Mining companies begin to step up staffing efforts
Lindsey Schultz, CEO of MRC Recruiting, joined Yahoo Finance Live to discuss mining companies stepping up their staffing efforts.
ADAM SHAPIRO: Copper prices are hitting new highs and there is no end in sight. So you think this might be a good time to find a job in the mining industry. But good luck. It’s difficult to recruit people. Lindsay Schultz is the CEO of MRC Recruiting. Mining companies are struggling to increase their staff to meet the demand for products like copper. Where do you see it the most? Is it, for example, copper mines or is it widespread?
LINDSEY SCHULTZ: It really is at all levels. We’ve had some recruiting issues in base metals, as well as copper, gold, and even things like lithium, which is a metal in high demand for some of the electric cars we see now.
SEANA SMITH: Lindsey, why has the industry not been able to attract young professionals? And how are you, I guess, how do you approach this problem?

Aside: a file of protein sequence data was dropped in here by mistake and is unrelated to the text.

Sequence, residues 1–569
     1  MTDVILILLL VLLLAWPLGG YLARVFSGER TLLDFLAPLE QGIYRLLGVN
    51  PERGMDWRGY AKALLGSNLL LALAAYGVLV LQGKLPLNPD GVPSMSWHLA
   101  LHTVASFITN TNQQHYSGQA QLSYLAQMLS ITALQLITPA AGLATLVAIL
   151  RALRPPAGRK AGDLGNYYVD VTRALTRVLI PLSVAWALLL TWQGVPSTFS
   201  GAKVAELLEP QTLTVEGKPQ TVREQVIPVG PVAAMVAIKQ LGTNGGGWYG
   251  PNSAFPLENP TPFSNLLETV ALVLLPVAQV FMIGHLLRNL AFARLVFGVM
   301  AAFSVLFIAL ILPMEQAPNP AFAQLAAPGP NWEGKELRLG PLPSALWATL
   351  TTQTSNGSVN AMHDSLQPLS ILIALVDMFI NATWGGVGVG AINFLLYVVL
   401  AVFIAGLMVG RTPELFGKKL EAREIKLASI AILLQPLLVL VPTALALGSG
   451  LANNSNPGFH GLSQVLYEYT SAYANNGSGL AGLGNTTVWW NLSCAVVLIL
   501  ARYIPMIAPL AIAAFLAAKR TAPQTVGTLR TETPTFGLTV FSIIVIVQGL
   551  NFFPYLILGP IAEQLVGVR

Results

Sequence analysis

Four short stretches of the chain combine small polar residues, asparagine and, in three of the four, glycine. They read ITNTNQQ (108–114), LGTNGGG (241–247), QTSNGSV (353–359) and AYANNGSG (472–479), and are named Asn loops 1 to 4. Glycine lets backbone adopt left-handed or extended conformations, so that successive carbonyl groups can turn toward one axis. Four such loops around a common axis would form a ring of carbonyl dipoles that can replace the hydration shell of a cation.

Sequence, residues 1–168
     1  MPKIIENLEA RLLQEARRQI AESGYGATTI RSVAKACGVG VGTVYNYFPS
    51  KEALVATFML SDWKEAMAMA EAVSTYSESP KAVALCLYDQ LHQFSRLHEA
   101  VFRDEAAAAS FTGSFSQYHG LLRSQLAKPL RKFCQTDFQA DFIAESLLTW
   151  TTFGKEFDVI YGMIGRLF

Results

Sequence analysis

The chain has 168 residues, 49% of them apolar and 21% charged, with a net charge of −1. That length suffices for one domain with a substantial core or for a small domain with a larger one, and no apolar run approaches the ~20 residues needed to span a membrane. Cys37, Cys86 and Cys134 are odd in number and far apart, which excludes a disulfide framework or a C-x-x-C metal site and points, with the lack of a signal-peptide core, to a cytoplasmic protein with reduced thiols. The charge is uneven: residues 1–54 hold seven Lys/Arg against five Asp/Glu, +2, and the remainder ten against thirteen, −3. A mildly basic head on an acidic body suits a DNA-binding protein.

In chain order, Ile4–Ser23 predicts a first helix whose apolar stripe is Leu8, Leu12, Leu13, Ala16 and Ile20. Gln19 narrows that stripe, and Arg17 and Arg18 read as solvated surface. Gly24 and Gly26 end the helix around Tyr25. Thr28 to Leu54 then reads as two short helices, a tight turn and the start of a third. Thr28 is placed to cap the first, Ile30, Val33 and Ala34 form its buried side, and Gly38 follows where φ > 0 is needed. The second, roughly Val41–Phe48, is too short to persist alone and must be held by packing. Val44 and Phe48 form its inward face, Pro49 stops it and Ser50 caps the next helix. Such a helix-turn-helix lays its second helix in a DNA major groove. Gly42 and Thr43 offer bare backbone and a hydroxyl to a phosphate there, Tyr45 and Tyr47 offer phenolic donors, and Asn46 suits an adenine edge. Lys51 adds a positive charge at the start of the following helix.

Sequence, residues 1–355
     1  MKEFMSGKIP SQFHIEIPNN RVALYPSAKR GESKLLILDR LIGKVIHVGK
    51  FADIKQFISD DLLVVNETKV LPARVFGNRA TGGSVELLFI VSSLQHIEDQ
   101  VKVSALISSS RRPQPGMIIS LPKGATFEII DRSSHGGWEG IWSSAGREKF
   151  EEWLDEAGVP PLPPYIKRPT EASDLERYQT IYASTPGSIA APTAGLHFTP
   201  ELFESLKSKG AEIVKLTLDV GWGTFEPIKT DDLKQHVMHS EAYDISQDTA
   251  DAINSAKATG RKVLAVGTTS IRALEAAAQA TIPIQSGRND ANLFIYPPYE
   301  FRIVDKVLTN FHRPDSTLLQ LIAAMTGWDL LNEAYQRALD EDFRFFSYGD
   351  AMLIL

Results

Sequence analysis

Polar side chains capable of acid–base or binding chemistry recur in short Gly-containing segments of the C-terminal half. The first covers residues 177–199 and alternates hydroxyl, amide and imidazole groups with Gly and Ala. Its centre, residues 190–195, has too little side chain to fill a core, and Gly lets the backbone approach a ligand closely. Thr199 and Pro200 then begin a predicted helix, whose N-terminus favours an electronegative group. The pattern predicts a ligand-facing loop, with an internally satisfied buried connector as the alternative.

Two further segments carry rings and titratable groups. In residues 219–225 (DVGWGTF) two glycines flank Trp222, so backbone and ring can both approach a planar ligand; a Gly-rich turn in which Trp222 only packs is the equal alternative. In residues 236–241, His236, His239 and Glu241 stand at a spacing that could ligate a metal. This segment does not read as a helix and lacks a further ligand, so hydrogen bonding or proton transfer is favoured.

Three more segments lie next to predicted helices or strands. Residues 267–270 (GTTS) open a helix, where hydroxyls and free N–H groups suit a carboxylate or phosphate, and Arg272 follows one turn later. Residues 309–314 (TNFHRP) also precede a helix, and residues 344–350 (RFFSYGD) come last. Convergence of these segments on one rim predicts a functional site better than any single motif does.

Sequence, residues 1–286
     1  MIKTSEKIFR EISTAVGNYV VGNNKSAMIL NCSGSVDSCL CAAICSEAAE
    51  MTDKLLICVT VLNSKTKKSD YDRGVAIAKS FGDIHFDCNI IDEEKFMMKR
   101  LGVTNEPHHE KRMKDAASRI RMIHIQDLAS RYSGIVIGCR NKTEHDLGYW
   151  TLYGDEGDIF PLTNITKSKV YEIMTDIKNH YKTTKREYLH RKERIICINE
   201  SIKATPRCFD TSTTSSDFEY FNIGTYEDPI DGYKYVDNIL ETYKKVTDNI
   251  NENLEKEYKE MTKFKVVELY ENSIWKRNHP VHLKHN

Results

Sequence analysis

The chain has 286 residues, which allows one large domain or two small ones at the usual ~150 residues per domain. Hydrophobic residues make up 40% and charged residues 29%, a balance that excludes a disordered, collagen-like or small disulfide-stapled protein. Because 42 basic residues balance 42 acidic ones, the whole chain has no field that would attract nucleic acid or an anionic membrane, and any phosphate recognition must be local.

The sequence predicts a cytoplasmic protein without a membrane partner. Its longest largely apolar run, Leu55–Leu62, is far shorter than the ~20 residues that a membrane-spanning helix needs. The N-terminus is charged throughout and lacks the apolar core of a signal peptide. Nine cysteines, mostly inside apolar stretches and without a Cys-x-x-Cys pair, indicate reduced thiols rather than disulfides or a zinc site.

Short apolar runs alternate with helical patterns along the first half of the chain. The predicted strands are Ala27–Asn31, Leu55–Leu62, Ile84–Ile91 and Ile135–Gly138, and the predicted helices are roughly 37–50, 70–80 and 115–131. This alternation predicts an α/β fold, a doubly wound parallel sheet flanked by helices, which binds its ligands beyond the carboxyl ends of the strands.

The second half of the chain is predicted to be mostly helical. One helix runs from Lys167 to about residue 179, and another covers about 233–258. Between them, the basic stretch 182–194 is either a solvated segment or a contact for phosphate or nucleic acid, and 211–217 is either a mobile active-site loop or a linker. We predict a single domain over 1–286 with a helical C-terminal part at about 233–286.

LINDSEY SCHULTZ: Sure. It’s a bit loaded question, I think. The mining industry has been booming or down for as long as anyone can remember. I mean, that’s why you have old mining towns that you drive to the side of the freeway and are no longer there. But there are mines, and none of them are in suitable locations, which is one of the reasons we see some individuals not getting into the industry as much.
But with the boom and bust, the location of operations, the reputation of the industry in general, and the sheer lack of awareness of the opportunities within the mining industry, I think, has really affected our ability to attract new talents. our job is to create awareness outside and really talk about all the opportunities that mining presents around the world.
ADAM SHAPIRO: Well, what role are you playing? Are you looking for engineers or are you looking for the people who go into the mines? I’m watching Cleveland-Cliffs right now, which is trading near its 52-week high, and I’m still trying to make a connection to Cleveland because I love the city. But they’re mining taconite in Michigan’s upper peninsula. So what are you playing for, say, a Cleveland-Cliffs?